Knowledge is a threshold expectation held by customers, whether it is regarding products, services or solutions. The customer who receives a confident answer to their question develops trust in the bank’s ability to accurately manage their finances. Their experience, whether it is via the branch or the call center, will leave them with a feeling of satisfaction and a desire to continue banking with the institution. Eighty-one percent of customers who felt the call center representative appeared knowledgeable said they were satisfied with the service they received, while only 16 percent were satisfied when the representative did not appear knowledgeable. Across all banks and credit unions, 90 percent of customers who spoke with a call center representative in the last two weeks claim that the representative appeared knowledgeable. Customers of small banks (less than 300 branches) recall the representative being knowledgeable the most, at 94 percent, while customers of Chase and Wells Fargo recalled the representative being knowledgeable the least, at 83 percent respectively.
3 Tips to Help Call Center Representatives Appear Knowledgeable about Products and Services
- Remember the fact that customers don’t expect employees to have the answer to every question, but they do expect them to locate the answer. Make a commitment to being responsible for finding the answer or referring the customer to a person who has the knowledge to help. Practice the phrase I’m not sure about that particular question, but if you can wait a moment, I will find an answer.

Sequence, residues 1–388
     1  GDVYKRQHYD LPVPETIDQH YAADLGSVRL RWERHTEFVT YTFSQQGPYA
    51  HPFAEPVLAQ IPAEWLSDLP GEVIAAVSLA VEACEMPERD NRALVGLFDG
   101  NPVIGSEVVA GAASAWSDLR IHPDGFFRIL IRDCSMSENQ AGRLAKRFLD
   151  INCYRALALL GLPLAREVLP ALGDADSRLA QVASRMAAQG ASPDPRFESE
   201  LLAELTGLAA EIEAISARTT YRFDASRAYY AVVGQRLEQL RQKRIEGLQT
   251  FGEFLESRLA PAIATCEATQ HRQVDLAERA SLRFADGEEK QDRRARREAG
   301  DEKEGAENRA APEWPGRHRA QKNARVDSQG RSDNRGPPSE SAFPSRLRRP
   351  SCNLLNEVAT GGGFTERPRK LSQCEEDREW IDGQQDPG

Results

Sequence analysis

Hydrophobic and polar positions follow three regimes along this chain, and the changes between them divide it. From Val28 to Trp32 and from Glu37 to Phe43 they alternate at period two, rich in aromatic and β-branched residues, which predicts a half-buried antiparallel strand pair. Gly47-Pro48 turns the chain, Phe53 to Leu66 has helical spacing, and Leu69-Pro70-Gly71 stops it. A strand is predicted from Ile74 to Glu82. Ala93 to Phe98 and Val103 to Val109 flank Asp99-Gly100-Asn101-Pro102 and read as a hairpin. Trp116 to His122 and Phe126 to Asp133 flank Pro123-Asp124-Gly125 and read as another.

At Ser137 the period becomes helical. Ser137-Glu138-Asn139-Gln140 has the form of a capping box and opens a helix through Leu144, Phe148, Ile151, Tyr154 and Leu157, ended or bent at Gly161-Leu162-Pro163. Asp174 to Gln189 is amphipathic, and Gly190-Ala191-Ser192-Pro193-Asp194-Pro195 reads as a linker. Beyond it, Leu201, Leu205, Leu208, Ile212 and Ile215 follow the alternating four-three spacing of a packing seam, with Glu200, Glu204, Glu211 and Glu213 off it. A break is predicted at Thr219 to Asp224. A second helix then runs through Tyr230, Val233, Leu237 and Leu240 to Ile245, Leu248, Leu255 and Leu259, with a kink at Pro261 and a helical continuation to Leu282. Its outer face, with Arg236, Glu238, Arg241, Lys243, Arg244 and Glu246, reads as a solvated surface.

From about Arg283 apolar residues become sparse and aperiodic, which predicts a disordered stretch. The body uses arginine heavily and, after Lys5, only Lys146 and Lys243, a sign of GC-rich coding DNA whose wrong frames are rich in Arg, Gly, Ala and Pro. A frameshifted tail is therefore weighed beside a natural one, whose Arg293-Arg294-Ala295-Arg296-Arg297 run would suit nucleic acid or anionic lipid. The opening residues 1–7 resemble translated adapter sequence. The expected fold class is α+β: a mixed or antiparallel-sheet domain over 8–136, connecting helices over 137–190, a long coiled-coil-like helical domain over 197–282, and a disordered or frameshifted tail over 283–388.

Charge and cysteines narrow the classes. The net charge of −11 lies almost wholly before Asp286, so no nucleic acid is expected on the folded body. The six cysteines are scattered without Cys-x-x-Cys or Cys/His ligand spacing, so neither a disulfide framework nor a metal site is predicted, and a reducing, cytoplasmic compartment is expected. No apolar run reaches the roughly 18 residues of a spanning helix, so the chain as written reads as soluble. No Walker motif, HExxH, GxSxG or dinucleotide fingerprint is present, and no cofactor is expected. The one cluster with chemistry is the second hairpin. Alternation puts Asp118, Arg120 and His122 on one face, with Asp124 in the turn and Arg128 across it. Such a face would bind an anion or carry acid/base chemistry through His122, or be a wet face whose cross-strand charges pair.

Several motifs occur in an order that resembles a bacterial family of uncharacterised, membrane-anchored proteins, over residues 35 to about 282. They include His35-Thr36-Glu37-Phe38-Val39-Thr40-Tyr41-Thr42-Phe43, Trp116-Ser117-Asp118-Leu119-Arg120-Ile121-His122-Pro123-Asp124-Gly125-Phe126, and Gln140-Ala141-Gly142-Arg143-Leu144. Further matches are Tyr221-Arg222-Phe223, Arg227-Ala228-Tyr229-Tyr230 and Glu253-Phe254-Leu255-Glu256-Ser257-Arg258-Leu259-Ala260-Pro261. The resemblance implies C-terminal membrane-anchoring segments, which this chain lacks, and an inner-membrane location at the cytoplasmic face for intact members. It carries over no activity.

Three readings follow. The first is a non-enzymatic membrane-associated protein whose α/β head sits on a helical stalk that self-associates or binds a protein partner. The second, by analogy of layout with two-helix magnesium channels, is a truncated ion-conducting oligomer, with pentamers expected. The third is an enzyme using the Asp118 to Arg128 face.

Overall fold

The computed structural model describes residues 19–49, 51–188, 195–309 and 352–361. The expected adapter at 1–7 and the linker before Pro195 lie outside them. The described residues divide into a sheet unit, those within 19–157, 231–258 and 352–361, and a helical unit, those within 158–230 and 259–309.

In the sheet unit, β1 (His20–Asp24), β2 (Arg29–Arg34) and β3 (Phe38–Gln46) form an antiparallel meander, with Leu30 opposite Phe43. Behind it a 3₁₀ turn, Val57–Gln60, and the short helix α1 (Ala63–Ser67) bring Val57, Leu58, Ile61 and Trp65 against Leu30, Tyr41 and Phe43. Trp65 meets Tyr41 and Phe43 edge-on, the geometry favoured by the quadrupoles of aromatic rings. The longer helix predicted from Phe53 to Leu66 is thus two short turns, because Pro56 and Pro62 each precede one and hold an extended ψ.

- Clarify the most common customer questions asked of your department and determine which products, services or bank policies those questions involve. Seek out your supervisor if you are unclear on the what and why behind the answers to these common questions; this will help you to provide complete information and clarify any additional concerns your customer may have.
- Remember that the best way to answer should include language that conveys confidence, an easy to understand explanation, and a verbal acknowledgement that the customer has understood. Think about the empathy you would expect from a service representative attending to your problem or need, then consider how your own customers feel after you have answered their questions.